This annual tells us how Cap came to impersonate the Black Panther. They could have designed a much more intriguing cover, but that would have required some creativity. The inside is better, with pencils by Marko Djurdjevic, who has been firing on all cylinders from his very first comic book work. We learn how big of a jerk Nick Fury can be on this little romp through history.

Sandoval takes over after a few pages for the art, and it’s unsteady throughout. Some panels look sparse, others have tons of detail. Some faces are good, others look very bad. The overall stage direction, how the characters are positioned, what they are doing, etc. is all well and good, but the quality of the art itself is sporadic.

Loeb has never been my favorite writer, but he does have the mechanics down pat after years of experience, so you can always expect a decent beginning middle and end to his yarns. This annual encapsulates the entire history of Ultimate Panther, from his being uprooted from his native land, to his training under Cap, all the way through to the agreement for Cap to impersonate him, and why.

Considering how out of left field the impersonation was, it would have been better if they could have published this a week earlier at least, to make it closer to the latest issue of Ultimates 3. Part of the lack of tension is the fact that they did everything in this annual after the fact. There was never any build-up to make us care about the Panther, no hints that there should be a need to impersonate him, and no older history that the readers could have known to make them care about the “surprise” over in Ultimates 3. So while this annul is a good read overall, the main effort of the impersonation plot falls flat.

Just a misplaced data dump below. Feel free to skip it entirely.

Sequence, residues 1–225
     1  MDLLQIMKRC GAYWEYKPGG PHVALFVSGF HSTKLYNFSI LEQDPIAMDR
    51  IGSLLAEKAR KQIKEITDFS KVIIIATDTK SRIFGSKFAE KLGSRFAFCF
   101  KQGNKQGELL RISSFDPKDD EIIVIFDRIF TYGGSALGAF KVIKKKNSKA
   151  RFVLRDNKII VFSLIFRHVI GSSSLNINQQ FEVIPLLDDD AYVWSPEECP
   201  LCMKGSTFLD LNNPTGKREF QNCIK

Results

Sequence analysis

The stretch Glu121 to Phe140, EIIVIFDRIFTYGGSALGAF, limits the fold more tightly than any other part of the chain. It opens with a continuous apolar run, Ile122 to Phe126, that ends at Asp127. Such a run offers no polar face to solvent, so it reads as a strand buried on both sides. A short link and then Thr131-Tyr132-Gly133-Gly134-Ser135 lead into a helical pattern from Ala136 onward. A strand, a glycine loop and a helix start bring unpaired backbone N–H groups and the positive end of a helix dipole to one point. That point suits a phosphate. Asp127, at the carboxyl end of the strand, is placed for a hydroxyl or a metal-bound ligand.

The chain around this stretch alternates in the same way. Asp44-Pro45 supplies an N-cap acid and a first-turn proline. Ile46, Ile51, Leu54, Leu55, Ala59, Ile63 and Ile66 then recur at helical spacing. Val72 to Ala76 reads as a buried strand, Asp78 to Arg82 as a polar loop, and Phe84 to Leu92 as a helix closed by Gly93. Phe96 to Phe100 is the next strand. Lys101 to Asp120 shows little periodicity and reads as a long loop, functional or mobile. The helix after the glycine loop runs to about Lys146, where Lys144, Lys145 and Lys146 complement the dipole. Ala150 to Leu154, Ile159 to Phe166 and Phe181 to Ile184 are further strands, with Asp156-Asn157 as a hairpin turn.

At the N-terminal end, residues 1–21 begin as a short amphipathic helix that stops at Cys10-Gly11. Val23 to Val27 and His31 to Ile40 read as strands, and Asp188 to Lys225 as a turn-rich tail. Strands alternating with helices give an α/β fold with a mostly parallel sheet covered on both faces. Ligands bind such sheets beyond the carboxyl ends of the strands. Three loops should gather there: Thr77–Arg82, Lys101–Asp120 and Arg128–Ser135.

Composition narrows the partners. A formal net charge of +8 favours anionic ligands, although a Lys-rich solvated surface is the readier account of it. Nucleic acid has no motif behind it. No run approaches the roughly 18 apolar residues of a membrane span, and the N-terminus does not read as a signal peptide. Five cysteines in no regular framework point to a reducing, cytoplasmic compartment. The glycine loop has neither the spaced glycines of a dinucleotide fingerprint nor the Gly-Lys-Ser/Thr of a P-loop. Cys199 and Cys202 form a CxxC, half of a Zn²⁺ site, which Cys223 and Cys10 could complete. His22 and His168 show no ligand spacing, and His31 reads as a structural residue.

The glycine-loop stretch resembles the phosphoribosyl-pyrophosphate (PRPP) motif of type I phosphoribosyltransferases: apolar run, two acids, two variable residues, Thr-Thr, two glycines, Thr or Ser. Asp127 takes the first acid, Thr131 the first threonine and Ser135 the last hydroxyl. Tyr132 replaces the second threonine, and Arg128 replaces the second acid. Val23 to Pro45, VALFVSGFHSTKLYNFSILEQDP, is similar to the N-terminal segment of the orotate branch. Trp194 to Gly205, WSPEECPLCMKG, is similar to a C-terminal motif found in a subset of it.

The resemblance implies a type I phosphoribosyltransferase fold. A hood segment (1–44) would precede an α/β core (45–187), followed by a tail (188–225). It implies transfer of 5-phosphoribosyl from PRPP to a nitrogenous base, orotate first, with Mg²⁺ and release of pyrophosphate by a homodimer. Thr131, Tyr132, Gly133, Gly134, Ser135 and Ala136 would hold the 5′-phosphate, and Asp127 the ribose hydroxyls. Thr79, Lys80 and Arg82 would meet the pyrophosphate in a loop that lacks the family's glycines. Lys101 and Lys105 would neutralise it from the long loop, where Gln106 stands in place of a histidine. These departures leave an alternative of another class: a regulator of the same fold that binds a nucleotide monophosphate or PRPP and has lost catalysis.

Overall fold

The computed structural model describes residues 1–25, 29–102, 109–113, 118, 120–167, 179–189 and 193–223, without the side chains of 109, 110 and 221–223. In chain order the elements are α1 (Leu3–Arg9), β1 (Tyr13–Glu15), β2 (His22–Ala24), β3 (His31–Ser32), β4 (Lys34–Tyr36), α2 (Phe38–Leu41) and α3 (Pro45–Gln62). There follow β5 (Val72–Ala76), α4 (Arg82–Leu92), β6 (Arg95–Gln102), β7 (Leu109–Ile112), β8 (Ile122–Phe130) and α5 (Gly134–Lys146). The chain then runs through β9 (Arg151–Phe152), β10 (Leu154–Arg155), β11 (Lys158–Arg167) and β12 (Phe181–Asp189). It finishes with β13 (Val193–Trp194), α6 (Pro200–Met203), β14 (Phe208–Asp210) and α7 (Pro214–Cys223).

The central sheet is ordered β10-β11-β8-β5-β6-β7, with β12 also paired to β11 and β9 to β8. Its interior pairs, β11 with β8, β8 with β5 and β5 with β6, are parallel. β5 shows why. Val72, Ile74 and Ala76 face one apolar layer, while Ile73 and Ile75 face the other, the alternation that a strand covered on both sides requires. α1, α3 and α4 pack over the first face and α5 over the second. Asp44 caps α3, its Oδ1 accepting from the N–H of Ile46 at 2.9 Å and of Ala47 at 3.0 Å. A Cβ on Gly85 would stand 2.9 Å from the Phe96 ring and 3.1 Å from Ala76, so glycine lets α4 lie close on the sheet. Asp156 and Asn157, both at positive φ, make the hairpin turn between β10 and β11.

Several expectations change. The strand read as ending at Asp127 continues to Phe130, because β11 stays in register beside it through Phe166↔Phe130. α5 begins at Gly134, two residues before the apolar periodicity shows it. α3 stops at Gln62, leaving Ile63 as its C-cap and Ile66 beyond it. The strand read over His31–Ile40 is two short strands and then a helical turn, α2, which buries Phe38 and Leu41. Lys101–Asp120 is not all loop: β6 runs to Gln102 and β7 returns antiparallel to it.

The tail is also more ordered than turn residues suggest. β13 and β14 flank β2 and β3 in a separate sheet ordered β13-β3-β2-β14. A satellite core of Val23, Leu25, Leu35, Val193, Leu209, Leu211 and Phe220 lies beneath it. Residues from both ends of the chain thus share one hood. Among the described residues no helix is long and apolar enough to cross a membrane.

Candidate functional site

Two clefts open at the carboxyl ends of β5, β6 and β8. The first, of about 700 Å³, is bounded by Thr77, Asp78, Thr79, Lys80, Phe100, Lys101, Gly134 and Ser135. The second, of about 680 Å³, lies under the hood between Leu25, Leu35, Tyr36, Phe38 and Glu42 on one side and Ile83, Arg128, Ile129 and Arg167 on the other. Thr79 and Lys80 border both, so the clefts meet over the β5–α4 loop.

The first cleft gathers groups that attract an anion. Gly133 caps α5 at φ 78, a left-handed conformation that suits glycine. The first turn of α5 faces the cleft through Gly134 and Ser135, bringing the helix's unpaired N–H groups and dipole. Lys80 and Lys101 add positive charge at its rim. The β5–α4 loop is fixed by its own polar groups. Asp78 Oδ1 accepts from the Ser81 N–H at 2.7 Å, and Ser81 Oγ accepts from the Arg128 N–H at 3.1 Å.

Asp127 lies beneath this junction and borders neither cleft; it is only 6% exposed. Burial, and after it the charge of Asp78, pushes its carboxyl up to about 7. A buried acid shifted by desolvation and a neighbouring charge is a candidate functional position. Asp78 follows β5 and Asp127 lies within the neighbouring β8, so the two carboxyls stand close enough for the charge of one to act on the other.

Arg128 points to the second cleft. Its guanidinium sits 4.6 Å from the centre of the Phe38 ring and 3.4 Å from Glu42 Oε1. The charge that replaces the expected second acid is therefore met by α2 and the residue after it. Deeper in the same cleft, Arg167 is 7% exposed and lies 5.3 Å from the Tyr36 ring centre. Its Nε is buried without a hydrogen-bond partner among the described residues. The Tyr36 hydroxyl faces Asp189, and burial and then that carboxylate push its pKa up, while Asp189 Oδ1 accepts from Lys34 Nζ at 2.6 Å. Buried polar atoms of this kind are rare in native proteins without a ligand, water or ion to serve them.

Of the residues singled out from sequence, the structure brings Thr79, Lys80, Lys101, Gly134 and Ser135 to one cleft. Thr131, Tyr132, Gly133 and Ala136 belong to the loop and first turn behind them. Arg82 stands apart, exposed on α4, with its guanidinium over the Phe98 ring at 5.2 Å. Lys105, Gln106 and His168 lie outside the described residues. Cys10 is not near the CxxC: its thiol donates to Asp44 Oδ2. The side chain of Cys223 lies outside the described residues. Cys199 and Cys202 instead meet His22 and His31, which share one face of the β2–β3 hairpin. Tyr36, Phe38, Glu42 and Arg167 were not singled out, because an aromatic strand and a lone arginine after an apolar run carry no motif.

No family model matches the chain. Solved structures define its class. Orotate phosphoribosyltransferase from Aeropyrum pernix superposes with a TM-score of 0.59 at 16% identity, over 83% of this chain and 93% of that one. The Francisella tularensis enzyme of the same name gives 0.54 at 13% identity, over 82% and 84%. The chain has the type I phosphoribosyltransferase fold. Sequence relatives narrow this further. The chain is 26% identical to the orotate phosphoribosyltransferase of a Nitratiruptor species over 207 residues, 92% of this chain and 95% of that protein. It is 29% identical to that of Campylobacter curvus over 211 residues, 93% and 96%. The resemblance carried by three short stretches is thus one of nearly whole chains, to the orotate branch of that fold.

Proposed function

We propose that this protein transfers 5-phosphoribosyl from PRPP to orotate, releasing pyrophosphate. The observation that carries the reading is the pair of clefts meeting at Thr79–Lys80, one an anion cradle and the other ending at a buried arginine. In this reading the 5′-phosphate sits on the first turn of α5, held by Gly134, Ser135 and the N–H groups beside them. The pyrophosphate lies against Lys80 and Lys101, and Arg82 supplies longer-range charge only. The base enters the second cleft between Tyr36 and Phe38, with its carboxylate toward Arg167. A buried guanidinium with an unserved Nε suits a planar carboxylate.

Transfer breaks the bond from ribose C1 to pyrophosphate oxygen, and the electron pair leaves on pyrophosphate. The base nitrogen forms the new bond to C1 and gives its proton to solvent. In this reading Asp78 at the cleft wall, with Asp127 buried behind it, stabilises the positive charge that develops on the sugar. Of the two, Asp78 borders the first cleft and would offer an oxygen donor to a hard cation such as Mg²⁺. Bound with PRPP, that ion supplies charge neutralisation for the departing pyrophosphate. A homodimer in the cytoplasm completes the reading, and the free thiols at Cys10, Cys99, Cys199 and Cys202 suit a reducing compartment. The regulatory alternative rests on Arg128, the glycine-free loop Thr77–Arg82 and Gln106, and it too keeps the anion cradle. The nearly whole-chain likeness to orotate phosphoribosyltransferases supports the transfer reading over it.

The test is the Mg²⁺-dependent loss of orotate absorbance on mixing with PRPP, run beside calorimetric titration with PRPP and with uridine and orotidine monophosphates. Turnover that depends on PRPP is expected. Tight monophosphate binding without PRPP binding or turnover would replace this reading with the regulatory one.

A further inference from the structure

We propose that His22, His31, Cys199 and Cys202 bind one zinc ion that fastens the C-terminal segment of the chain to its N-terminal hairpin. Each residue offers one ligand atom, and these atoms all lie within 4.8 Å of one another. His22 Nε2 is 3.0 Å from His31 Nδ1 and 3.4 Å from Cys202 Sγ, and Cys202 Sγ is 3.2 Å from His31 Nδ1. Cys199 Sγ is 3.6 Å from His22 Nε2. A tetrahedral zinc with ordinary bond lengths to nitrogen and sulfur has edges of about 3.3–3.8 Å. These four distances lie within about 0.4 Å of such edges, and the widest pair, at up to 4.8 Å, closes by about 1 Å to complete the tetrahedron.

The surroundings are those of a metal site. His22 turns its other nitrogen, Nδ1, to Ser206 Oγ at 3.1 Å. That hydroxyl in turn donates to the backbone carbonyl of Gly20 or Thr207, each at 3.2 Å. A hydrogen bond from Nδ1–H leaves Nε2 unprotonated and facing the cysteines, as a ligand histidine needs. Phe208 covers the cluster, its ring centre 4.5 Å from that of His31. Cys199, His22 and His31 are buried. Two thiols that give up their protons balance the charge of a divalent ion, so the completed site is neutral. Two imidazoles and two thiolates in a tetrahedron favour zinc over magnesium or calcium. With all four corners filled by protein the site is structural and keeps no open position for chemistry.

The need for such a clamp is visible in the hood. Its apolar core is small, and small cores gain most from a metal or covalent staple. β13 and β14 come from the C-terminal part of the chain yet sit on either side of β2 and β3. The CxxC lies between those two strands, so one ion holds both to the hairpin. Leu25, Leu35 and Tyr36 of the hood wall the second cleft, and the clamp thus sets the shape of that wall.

Ultimate Spider-Man Annual 3

by Brian Bendis and David Lafuente

I have to give some props to Bendis. He manages to make an entire annual focus on a very personal choice, and when you start reading, you could care less about the criminals running around: you want to know how Peter and MJ handle the issue of sex as teenagers. Lafuente’s art looks a little anime with Spider-Man’s head a little large, so it looks like his body couldn’t support that much weight up top. For the teenage youthful feel that it brings across, it seems to work for the story.

In a twist from the usual, the setup has the criminals staging a getaway before they break into somewhere, so the “getaway” is actually just a distraction. Distraction and misdirection are the key signatures of… Ultimate Mysterio! Mysterio was never really handled well in the regular universe, so here’s hoping for good stuff from the Ultimate version in the future. This was still overshadowed by the discussion Peter and MJ have about what level they prefer their relationship to be. It is intelligent, thoughtful, and sweet at the same time. It’s probably Bendis’ best Ultimate story in quite a while. It makes for a good stand-alone read, too, if you don’t want to bother with the regular series.

X-Men: First Class Giant-Size Special 1

by Jeff Parker and multitudes

I think there was a big group of people wasting away the day at the Marvel offices, just goofing around with the classic X-Men. They decided to cram all of that into a giant-size special featuring half a dozen stories, none of which are very good. The art is really poor on most of them, as if they were targeting five-year-olds as their intended audience. For Halloween’s sake, they toss in a reprint of X-Men 40, which deals with Frankenstein’s monster. I don’t see much compelling for four bucks, except for a parody X-Men version of The Day the Earth Stood Still.

Oh, and Agent Baker has now been ret-conned as a sleeper Skrull agent, and the Secret Invasion began way back when the classic team was still around. Can anyone tell me if this makes sense, given the chronology of when the Skrulls were first pissed off about the cow incident, and when they actually started planting additional spies?
Tpull is Travis Pullen. He started reading comics at 5 years old, and he can't seem to stop.

I must getting old because I loved 1985 and your dissing it makes me want to yell at you to get off my lawn, you young whippersnapper!

Seriously, sometimes comics are just meant to be fun and need not be connected to any bigger picture nor have any message of import to offer.

-- Posted by: Jim Brocius at November 5, 2008 2:39 PM